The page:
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December 2009

It's Alive

cast: Bijou Phillips, James Murray, Owen Teale, Skye Bennett, and Raphael Coleman

director: Josef Rusnak

80 minutes (18) 2009
widescreen ratio 1.78:1
Optimum DVD Region 2 retail

RATING: 6/10
review by Mark West

It's Alive
Lenore Harker (played complete with irritating voice by Bijou Phillips) is a college student, heavily pregnant, who decides to leave just before her exams to go and live with the father of her child, Frank Davis (James Murray) and his crippled little brother Chris (Raphael Coleman). Lenore appears to go into labour six months early, is taken in for a C-section and, without anyone seeing it, is the only survivor (along with her baby, Danny) of a complete bloodbath. Sergeant Perkins (Owen Teale), who, with his partner, seems to constitute the entirety of the New Mexico police department, don't have any clues, so Lenore goes home. Then things start to go wrong - half eaten animals (rat, bird, rabbit) are found around the home, the baby grows exponentially and bites Lenore's nipple repeatedly during breast feeding, Mummy keeps having flashbacks to the bloodbath and what might have caused it - and whilst Chris suspects something, Lenore has seen what's happening but doesn't seem able to cope with it.

Before I start, I should point out that although I am a fan of Larry Cohen's work and I think Rick Baker is a master craftsman, I've never seen the original It's Alive (though I've seen plenty of images of Baker's baby). To that end, there'll obviously be no comparison in this review between original and remake (the current remake - 'hey, it's more than 10 years old, let's redo it and put in tonnes of crap CGI' - trend being something that I'm not overly happy) and the film will have to stand, or fall, on its own merits.

It doesn't get off to the best of starts. The film clearly identifies the action as taking place in New Mexico, a location which comes complete with snow-capped mountains, thickly wooded forests and everyone's breath clear to see (and then the end credits reveal this is another Bulgarian-filmed production). Not a problem in itself, but it feels sloppy and doesn't give the viewer a lot of faith. Then we have half the cast, who are recognisably British, but donning varyingly successful US accents. So, a confused film, then..? Yes, most certainly.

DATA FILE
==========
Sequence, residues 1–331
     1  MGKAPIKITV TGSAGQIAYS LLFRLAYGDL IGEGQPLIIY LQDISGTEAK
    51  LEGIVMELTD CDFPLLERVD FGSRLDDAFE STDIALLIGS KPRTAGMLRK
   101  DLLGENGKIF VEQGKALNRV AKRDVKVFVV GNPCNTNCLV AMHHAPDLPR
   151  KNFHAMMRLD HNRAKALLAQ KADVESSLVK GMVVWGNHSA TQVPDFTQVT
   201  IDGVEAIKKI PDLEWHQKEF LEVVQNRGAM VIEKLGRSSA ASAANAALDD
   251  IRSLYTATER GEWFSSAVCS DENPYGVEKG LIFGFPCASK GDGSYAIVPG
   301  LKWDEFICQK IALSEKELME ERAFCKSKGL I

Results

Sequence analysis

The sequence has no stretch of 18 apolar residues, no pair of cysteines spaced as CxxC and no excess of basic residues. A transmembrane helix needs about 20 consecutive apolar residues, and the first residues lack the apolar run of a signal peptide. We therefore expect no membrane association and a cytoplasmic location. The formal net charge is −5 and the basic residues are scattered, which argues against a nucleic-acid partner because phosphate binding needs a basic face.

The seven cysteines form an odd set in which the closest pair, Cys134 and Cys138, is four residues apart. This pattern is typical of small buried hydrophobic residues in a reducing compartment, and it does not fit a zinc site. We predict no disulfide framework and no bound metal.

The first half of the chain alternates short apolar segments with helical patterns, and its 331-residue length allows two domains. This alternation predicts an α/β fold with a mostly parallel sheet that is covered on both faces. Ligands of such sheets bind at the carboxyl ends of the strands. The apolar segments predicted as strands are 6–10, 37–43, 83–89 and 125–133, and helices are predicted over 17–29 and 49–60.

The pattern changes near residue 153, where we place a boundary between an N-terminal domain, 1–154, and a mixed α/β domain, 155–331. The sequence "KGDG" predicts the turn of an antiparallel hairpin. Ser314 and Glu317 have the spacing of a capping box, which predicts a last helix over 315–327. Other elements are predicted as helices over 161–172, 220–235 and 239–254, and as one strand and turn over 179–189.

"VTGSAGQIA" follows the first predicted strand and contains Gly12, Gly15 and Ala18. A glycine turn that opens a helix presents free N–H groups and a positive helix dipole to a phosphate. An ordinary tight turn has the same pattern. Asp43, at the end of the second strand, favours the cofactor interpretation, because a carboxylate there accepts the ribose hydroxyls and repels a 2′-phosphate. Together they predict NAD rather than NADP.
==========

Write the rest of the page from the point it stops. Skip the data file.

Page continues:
On a technical level, this is very good. The locations are nicely shot (even if they don't necessarily fit), the production design is very good, the direction is concise, the acting is all above standard (apart from the college room-mate, who dies halfway through anyway and Ms Phillips, who begins to chew the scenery from the halfway point) and the atmosphere feels nicely oppressive (helped by a very small cast).

But the film does fall over because it doesn't seem to be quite sure exactly what it's trying to be. We hardly ever see baby Danny (either as a regular baby, or as a monster) and that led me to think that it was going to be a psychological horror, that Lenore was behind everything, with the climax showing her wigging out and killing everyone in sight. It'd certainly work, as there's a big deal made that she took abortion tablets just after she found out she was a pregnant - did it harm the baby? Is this a pro-life film, taking pot-shots at opposing views?

No, because there is a mutant baby, who has been eating rabbit and rat and pigeon, and who can only crawl about but is able to leap onto people and chomp away to his heart's content. And there's the rub - apart from a few quick cuts of a clearly CGI face rushing at the camera, we don't see what we're supposed to be scared of (and the one scare scene that works, when Chris' cat gets dragged under his bed, does so because we're not supposed to see what did it). Worse still, the end credits list the 'puppet FX supervisor' as Tony Gardner - surely he didn't do that bad a job? This doesn't mean that I'm advocating a rush of CGI babies going mad on screen, but if you're going for psychological, do it - don't turn into a monster-movie right at the end and then refuse to show the beastie.

The baby itself, then, is represented more by the camera - a very low-angle POV that's accompanied, for some reason, by muttering and heavy breathing that made me think a hobgoblin had got onto the set, rather than a healthy little baby, who wouldn't mutter anything at all.

This isn't a bad film by any means - as I mention, it's very well made and it acquits itself quickly - but it does keep trying viewers' patience. Dad completely misses that anything is wrong, Mum is obviously going mad and baby Danny - well, we don't know about him because we never see him - and all of that would be acceptable if this was either a straight thriller/ horror or, even, within a film that knew it wasn't the greatest work of art ever made, but it can't seem to make its mind up. My wife enjoyed it, I thought it was okay.

The only extra relating to the film itself is a trailer, which gives away all of the set pieces and then has a bizarre add-on, of Lenore saying "Mummy's here," which again paints the film in a completely different light.

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